Small Biz Owners Praise Minimum Wage Hike


8-13-07, 9:40 am

ST. LOUIS, Mo. (PAI)--For Lew Prince, co-owner of the small business Vintage Vinyl in St. Louis, the recent hike in the minimum wage makes economic sense.

“It means more money in the hands of people who are going to spend it,” he said. “Low minimum wages do NOT help small business. Small business owners know keeping workers is easier and cheaper than finding and training new workers. And small business owners know the longer an employee stays with you--the more they know about your business and your customers--the higher their productivity.'

Prince is one of around 800 small business owners who are defying economic orthodoxy, and the powerful National Federation of Independent Business lobby in Washington, to step forward and praise the recent increase in the minimum wage. And that’s not the only issue where they’re parting ways with the rest of business and with the Republican Party.

Indeed, they’ve created Business for Shared Prosperity, which describes itself, including its Business for a Fair Minimum Wage project, as “a new network of forward-thinking business owners, executives and investors committed to building enduring economic progress on a strong foundation of opportunity, equity and innovation.”

Creation of the group marks another break in the anti-worker corporate monolith erected by the NFIB, the National Association of Manufacturers, the Chamber of Commerce, the National Retail Federation, the National Restaurant Association and their ilk.

A prior break came with creation several years ago of the U.S. Business Industrial Council, a group of smaller factory firms that works closely with the AFL-CIO Industrial Unions Council in lobbying against unfair “free trade” treaties.

While neither Business for Shared Prosperity nor USBIC has the size or the clout of larger business lobbies and their GOP allies, their presence indicates occasionally working men and women can find some sort of support in the corporate field.

That’s certainly true of the minimum wage, where a wide range of small business owners not only stepped forward to praise the first step--and the coming two stages--in the 3-stage increase in the minimum, but some urged it go higher.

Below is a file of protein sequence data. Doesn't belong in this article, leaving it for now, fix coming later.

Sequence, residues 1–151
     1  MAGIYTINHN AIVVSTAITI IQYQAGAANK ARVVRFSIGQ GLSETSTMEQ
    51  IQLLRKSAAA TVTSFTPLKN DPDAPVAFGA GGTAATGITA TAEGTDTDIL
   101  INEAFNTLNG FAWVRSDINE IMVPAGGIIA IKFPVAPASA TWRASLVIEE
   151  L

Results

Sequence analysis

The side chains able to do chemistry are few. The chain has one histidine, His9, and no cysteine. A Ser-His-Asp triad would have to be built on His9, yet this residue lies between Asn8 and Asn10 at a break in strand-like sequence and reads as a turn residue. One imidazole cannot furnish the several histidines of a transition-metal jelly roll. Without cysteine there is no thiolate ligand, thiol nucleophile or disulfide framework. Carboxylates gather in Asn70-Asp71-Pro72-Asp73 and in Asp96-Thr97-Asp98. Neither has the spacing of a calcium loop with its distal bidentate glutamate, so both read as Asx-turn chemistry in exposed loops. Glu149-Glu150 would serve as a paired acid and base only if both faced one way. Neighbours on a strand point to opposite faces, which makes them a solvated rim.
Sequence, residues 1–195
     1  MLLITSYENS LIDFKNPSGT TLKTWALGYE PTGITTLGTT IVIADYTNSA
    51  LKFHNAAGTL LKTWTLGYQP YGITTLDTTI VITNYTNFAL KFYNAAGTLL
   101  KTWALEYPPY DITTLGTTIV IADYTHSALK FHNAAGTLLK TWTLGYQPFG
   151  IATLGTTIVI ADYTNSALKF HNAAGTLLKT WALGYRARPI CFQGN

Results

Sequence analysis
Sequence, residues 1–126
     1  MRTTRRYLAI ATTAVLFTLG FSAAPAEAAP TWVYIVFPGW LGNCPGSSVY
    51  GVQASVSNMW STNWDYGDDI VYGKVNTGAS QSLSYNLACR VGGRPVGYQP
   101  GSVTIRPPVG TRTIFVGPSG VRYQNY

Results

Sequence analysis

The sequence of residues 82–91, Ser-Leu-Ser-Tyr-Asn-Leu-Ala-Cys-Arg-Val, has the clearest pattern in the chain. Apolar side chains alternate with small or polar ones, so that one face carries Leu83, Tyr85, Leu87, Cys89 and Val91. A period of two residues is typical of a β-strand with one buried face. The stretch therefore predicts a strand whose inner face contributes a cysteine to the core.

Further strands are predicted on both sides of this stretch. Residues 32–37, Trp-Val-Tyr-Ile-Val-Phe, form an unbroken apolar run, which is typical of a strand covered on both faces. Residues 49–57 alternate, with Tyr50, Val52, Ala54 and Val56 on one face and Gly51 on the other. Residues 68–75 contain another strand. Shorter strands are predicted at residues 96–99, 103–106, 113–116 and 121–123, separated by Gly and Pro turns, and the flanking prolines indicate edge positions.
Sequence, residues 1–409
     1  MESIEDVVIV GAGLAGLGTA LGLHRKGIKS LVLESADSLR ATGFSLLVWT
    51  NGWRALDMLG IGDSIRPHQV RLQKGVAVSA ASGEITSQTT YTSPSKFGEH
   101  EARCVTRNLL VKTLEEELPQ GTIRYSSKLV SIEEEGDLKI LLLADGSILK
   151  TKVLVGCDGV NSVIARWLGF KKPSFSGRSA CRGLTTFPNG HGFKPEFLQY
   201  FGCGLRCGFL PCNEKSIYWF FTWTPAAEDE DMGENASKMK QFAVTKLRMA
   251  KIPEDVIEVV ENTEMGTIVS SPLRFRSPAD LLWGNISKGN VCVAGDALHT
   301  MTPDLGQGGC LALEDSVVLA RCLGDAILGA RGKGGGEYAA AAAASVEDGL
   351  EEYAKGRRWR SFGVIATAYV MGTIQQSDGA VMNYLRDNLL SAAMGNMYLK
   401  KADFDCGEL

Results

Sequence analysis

The first hike, of 70 cents an hour on July 24, took the minimum wage to $5.85. The bigger business lobbies and their GOP handmaidens had blocked a hike for more than a decade, but the AFL-CIO, the union movement, low-income workers and new the Democratic-run Congress rammed it through, over an initial veto by anti-worker GOP President George W. Bush.

Two later increases will raise the minimum to $7.25 by mid-2009. Amy Ventura, co-president of Storm Graphic Arts in Montclair, Va., says that’s not enough.

'Even the higher rate of $7.25 is an insult to workers and employers,' says Ventura, whose home Prince William County Chamber of Commerce named her business its 2006 Business of the Year. 'Yes, small business owners must spend wisely, but this means paying our workforce a fair wage if we expect quality work. I want the federal government to recognize hard work and raise the minimum wage so everyone who works can support themselves and their families.'

Other members of the new group include Costco, which is unionized, Addus Health Care, ABC Home, and Fire & Ice Restaurants.

“Business can make a profit without keeping workers in poverty,” adds John Arensmeyer, CEO of Small Business Majority. “Most business leaders recognize we need to focus our energies in building a strong, competitive 21st-Century economy that creates the jobs of the future. A minimum wage that promotes stability and economic prosperity is a necessary component of progress. It is time traditional organizations who claim to represent small businesses recognize this.”

From International Labor Communications Association and Press Associates Inc.

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